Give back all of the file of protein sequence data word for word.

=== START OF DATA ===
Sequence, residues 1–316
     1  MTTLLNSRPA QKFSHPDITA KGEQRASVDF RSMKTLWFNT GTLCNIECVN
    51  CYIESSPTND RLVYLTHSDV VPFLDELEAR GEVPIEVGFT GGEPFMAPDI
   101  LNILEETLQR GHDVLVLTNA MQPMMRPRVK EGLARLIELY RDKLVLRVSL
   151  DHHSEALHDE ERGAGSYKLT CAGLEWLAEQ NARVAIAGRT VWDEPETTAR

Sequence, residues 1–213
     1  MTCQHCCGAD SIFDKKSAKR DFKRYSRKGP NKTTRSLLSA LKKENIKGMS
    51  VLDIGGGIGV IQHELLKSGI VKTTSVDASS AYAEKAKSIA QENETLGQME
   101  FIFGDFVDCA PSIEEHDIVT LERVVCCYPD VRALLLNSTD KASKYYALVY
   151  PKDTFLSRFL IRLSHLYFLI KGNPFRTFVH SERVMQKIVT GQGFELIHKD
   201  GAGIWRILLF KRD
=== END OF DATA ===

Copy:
Sequence, residues 1–316
     1  MTTLLNSRPA QKFSHPDITA KGEQRASVDF RSMKTLWFNT GTLCNIECVN
    51  CYIESSPTND RLVYLTHSDV VPFLDELEAR GEVPIEVGFT GGEPFMAPDI
   101  LNILEETLQR GHDVLVLTNA MQPMMRPRVK EGLARLIELY RDKLVLRVSL
   151  DHHSEALHDE ERGAGSYKLT CAGLEWLAEQ NARVAIAGRT VWDEPETTAR

Sequence, residues 1–213
     1  MTCQHCCGAD SIFDKKSAKR DFKRYSRKGP NKTTRSLLSA LKKENIKGMS
    51  VLDIGGGIGV IQHELLKSGI VKTTSVDASS AYAEKAKSIA QENETLGQME
   101  FIFGDFVDCA PSIEEHDIVT LERVVCCYPD VRALLLNSTD KASKYYALVY
   151  PKDTFLSRFL IRLSHLYFLI KGNPFRTFVH SERVMQKIVT GQGFELIHKD
   201  GAGIWRILLF KRD